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The Wild are terrible at 3-on-3, and it's Mike Yeo's fault

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Kelvin Kuo-USA TODAY Sports

The NHL has switched to 3-on-3 overtimes, and it's wonderful. The amount of space is amazing, and there are constantly rushes one way or the other; fast, up-and-down hockey that is fun to watch. It's probably not much better than the shootout in terms of determining the best team, but it is definitely much more fun to watch, and if for that reason alone, I'm a big fan.

Most teams seem to be finding a way to adjust to the new format and succeed at least some of the time. The Wild have only been to OT 4 times, but they have lost 3 of those 4.

Strategery

In OT, there is significantly more space than at 5-on-5. For this reason, both passing and skating become very important, with the emphasis on speed rather than agility; overtime is a footrace.

However, in the absence of footspeed, passing and the ability to work together can be just as, if not more, effective. In fact, this approach has the advantage of creating multiple angles of attack and making the goalie move; it opens net space and makes goals easier to score. This kind of passing is usually not the "thread-the-needle" that's needed with the crowding of 5v5 hockey, but rather good vision and awareness of your teammates to know when and where to pass.

The Wild's Strategy

The Wild have not chosen a single strategy, largely due to their roster. While some members of the Wild are quite fast (Parise, Zucker, Nino) others are not as quick on their feet (Pominville, Granlund, Coyle).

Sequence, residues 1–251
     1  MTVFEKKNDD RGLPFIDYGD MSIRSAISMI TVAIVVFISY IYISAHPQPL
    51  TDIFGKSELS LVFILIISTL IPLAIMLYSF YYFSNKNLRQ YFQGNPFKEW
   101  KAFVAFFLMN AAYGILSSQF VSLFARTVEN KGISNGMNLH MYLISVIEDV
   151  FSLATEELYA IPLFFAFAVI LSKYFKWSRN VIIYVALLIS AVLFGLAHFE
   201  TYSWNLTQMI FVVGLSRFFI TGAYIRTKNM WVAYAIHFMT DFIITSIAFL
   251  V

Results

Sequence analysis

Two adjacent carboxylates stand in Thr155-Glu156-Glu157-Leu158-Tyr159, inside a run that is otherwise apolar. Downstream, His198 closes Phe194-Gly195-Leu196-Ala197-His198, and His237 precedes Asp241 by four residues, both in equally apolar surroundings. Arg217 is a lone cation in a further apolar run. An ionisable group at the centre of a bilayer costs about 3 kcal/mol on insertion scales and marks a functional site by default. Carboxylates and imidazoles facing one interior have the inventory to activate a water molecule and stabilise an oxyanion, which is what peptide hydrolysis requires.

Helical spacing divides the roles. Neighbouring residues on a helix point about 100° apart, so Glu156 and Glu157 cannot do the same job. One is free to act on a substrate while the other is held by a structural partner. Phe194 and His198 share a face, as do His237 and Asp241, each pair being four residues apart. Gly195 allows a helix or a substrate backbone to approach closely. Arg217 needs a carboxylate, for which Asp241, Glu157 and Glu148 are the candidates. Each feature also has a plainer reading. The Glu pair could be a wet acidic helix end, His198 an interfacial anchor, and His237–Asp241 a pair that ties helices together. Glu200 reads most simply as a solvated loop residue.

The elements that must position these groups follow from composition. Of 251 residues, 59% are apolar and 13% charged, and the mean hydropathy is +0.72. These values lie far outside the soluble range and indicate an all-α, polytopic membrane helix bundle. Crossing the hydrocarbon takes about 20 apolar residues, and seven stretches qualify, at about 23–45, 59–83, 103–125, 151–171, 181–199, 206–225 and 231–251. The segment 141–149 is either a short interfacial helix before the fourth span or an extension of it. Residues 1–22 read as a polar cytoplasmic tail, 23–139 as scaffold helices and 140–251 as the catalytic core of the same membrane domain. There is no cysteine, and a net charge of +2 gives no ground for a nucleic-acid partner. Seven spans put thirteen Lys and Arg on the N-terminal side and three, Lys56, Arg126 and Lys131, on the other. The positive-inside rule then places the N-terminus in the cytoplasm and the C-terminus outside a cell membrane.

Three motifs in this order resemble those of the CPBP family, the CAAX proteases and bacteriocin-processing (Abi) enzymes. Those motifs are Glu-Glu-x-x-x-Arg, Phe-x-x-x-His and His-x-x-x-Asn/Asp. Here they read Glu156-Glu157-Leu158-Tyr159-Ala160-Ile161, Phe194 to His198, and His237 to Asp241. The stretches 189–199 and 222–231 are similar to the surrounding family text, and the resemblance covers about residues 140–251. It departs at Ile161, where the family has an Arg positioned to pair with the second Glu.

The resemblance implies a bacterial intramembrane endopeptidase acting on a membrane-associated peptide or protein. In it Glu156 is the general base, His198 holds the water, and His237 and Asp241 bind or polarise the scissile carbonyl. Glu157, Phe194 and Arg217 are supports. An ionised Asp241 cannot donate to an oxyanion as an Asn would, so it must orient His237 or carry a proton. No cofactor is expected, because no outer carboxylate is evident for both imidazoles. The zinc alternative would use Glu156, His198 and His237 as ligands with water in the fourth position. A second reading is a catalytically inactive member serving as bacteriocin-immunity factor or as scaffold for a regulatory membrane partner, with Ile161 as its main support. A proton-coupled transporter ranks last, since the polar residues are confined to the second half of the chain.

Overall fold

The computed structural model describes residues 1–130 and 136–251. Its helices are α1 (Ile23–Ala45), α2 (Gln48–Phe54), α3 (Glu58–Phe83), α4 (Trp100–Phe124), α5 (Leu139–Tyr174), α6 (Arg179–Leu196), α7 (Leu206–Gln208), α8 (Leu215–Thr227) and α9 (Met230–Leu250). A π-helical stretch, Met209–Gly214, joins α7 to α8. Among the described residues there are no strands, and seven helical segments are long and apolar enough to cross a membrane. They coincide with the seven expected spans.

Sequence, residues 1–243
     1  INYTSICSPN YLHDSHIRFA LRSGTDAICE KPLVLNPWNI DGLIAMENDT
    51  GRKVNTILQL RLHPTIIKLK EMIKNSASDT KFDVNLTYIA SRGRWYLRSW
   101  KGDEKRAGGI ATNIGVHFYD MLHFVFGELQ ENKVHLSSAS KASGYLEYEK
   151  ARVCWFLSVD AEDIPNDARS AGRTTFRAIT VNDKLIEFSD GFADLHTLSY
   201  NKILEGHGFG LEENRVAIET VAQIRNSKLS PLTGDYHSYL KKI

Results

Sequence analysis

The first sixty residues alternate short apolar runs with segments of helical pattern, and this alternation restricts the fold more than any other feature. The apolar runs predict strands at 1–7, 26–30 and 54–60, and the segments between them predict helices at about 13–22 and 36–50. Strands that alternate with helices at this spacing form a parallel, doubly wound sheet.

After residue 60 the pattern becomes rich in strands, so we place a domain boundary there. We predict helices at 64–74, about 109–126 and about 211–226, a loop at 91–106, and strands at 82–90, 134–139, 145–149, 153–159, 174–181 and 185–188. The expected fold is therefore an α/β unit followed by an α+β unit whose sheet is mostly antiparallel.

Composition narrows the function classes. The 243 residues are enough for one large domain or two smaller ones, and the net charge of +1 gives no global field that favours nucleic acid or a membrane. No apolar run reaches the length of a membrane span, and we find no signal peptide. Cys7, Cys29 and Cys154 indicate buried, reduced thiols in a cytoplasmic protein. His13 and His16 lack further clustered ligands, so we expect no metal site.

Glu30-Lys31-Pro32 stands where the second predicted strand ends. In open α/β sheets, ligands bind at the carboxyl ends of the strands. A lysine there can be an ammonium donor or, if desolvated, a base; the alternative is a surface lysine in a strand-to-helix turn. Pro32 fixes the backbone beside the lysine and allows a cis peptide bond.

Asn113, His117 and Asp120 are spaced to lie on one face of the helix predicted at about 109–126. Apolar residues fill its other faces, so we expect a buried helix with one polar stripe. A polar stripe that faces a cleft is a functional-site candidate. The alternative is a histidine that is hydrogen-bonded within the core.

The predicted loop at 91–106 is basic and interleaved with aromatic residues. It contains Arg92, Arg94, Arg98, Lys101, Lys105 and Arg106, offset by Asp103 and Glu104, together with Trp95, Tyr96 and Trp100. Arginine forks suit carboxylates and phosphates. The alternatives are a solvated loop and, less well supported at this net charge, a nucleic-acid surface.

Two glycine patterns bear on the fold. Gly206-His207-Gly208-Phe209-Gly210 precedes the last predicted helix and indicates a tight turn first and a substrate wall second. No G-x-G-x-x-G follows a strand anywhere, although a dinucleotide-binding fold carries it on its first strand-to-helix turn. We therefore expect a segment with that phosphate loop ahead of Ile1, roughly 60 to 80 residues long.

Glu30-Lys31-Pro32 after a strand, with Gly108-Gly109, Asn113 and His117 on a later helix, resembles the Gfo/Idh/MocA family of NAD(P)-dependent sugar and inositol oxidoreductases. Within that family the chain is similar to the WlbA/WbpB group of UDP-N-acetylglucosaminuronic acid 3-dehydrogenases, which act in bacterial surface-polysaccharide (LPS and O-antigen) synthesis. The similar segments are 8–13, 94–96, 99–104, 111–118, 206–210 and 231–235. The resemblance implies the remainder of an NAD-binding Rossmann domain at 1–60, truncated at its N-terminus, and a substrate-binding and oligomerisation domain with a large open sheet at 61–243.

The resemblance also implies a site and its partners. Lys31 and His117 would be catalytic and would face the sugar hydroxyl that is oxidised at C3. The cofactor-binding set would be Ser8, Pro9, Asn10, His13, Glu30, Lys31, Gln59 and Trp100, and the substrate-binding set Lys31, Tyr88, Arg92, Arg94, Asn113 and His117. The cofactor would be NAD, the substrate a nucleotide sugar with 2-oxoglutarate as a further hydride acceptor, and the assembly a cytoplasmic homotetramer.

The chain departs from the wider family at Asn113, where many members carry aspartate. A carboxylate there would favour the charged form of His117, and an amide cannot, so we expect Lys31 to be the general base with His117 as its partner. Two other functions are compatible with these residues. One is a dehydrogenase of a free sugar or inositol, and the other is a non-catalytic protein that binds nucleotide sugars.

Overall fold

This is a strength of the Wild; they have different ways to attack and can adjust to match their opponents. Alternatively, Yeo could throw out one of the most dominant lines in hockey and let Zucker-Koivu-Nino do their thing.

They have not. The Wild are 1-3 in OT, and that is Mike Yeo's fault. Let's look at who was used in the 4 games the Wild went to OT. For the sake of brevity (these tables could get REALLY long), I'll only list players with more than 30 seconds on the ice, and ignore goalies.

Kings

Player

TOI

Jason Zucker

0.9

Jared Spurgeon

0.9

Mikko Koivu

0.9

Thomas Vanek

0.8

Marco Scandella

0.8

Matt Dumba

0.7

Ryan Suter

0.6

Zach Parise

0.6

Mikael Granlund

0.6

Blues

Player

TOI

Ryan Suter

3.1

Nino Niederreiter

2.1

Erik Haula

2.1

Mikael Granlund

1.8

Zach Parise

1.7

Jonas Brodin

0.8

Jason Zucker

0.6

Mikko Koivu

0.5

Hurricanes

Player

TOI

Ryan Suter

1.9

Mikko Koivu

1.4

Nino Niederreiter

1.4

Jason Zucker

1.0

Erik Haula

1.0

Nate Prosser

1.0

Chris Porter

1.0

Charlie Coyle

1.0

Mikael Granlund

0.9

Jonas Brodin

0.8

Ryan Carter

0.5

Dallas Stars

Player

TOI

Jason Zucker

1.8

Mikko Koivu

1.6

Ryan Suter

1.5

Charlie Coyle

1.3

Nino Niederreiter

1.2

Jared Spurgeon

1.1

Marco Scandella

0.7

Analysis

There are few patterns after just four games, but we can see a few things. Ryan Suter is consistently towards the top of the list, as is Mikko Koivu. Nino Niederreiter is seeing a fair amount of time, and Jason Zucker is usually earning himself a few minutes as well.

There are some concerns. Firstly, Ryan Suter is anything but offensively gifted. He is defensively reliable, yes, but in OT, one defenseman isn't going to stop anything, and his ability to exit the zone with an outlet pass is not as valuable if only because there's much more space; fewer needles need threading.

Another concern is the developing pattern of one player being played significantly more than any other. While this was not the case in the first game (against the kings) a single player is being played much more than anyone else. Why? the Wild's roster perhaps lacks depth (particularly given injuries) but to play Jason Zucker a full 60 seconds more than any other forward is simply asinine.